I enjoy writing Ken C when the occasion arises. Embedded structs, the %r verb, mk, and the header rules all make it feel nicer than standard C.
It’s also worth noting that the C compilers on Plan 9 don’t do very much optimization, and generally act in the way you would expect – most undefined behavior is treated as implementation defined instead. This means that you don’t get many of the spooky miscompilation at a distance effects that makes writing C so much more painful than it could be.
It’s interesting to me contrasting these styles and libraries with those of the OpenBSD project. As far as I can tell, Plan 9’s only doing one actual change to the C language, if you can even call it that (the #pragma lib foo.a bit), and achieves everything else just by changing libraries and the tool chain. OpenBSD also provided a lot of improvements to the C standard library, yet they ended up in very different spots. Even allowing for Plan 9 not needing the same level of backwards compatibility as OpenBSD, it’s interesting to me that none of these APIs seem to follow what I’d consider “safe” practice.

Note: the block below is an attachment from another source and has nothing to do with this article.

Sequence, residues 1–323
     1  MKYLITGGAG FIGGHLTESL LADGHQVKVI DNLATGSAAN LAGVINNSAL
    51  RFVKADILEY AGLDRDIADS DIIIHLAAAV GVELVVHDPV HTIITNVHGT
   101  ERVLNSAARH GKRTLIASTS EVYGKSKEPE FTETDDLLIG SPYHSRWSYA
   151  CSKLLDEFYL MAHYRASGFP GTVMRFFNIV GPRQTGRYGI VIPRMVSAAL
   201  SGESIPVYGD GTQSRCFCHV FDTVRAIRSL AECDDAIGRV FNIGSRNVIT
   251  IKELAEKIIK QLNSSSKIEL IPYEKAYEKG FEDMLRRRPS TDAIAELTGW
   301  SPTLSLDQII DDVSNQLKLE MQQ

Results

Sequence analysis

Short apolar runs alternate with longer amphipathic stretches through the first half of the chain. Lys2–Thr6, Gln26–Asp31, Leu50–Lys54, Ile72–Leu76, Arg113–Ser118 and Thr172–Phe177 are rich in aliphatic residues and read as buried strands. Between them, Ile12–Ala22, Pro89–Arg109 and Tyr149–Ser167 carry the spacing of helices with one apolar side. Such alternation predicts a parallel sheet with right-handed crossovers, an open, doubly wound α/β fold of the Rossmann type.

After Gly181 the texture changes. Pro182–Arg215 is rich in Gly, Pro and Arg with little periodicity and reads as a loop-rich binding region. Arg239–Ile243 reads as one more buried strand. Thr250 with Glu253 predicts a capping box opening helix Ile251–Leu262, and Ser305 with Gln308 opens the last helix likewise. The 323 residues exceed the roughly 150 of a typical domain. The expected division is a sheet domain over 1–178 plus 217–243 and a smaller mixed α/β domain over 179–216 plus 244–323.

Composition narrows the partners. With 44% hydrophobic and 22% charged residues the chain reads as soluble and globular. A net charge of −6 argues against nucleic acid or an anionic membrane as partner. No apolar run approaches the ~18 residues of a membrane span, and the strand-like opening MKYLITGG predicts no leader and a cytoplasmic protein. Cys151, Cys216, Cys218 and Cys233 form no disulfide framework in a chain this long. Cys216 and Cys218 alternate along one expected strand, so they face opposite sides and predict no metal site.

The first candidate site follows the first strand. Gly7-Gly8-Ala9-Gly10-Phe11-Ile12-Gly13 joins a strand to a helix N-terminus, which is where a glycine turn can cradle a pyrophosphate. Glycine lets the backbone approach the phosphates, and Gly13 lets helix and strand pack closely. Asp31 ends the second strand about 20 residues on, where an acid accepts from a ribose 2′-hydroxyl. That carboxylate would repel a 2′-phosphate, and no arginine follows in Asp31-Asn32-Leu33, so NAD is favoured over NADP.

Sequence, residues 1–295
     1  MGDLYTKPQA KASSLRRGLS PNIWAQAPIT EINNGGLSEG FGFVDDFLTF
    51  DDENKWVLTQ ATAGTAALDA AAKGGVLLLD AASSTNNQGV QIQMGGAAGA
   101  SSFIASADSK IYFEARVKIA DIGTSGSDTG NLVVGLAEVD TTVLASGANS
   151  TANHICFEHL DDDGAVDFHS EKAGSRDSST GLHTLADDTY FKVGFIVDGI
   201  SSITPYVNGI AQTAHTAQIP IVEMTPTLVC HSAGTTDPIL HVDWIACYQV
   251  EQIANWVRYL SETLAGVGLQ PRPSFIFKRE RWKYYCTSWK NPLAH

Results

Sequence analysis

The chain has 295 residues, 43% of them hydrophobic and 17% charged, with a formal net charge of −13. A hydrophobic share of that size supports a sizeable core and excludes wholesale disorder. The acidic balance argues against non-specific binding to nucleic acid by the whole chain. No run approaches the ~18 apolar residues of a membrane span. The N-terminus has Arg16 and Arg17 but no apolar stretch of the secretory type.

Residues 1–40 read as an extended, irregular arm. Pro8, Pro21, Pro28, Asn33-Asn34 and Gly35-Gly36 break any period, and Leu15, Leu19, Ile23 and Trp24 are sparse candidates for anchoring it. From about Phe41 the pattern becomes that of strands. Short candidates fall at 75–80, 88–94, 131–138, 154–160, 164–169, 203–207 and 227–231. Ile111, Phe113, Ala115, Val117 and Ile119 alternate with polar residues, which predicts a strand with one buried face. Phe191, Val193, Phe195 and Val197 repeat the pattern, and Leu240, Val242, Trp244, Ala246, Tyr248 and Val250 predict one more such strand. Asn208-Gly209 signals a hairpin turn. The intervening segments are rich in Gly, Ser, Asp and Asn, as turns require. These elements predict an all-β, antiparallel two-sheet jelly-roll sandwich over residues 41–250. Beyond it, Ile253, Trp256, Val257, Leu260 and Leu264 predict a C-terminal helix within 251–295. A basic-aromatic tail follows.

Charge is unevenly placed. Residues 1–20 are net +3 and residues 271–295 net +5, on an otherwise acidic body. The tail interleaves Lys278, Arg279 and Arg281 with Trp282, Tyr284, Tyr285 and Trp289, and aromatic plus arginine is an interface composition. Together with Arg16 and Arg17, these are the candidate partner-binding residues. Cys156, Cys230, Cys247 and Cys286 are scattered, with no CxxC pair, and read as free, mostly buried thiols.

#pragma lib foo.a
Does anyone familiar with the community know whether Plan 9 forks, like 9front, are also looking at adapting OpenBSD-like security hardening? Or is that not really their focus these days?
There are multiple changes to the C language: no separate preprocessor, no #if, anonymous structs and unions (also in C11), anonymous struct embedding, struct expressions (also in C99, but different syntax), extern register storage class that implements cpu-local storage, no const, no volatile, no register.
You are right however that all these are minor changes compared to the change effected by a different C standard library.
Nobody is interested in adopting the type of security features adopted by OpenBSD at the binary interface level, but I would argue that centralised authentication, distributed authorisation, no superuser, every resource being accessed only through the filesystem with permission checking, no shared libraries, no loadable kernel modules, and pervasive cryptography make Plan 9 much more secure than the average Unix both on an architectural and practical level.
It’s worth pointing out for the sake of clarity and provenance that Plan 9 C is primarily the work of Ken Thompson.
Ken Thompson: the good parts of Unix, the good parts of the Plan 9, the good parts of Go.
There has been some casual investigation but nobody to my knowledge is seriously working on OpenBSD style security features.
s/write n bytes from fd into buf/write n bytes to fd from buf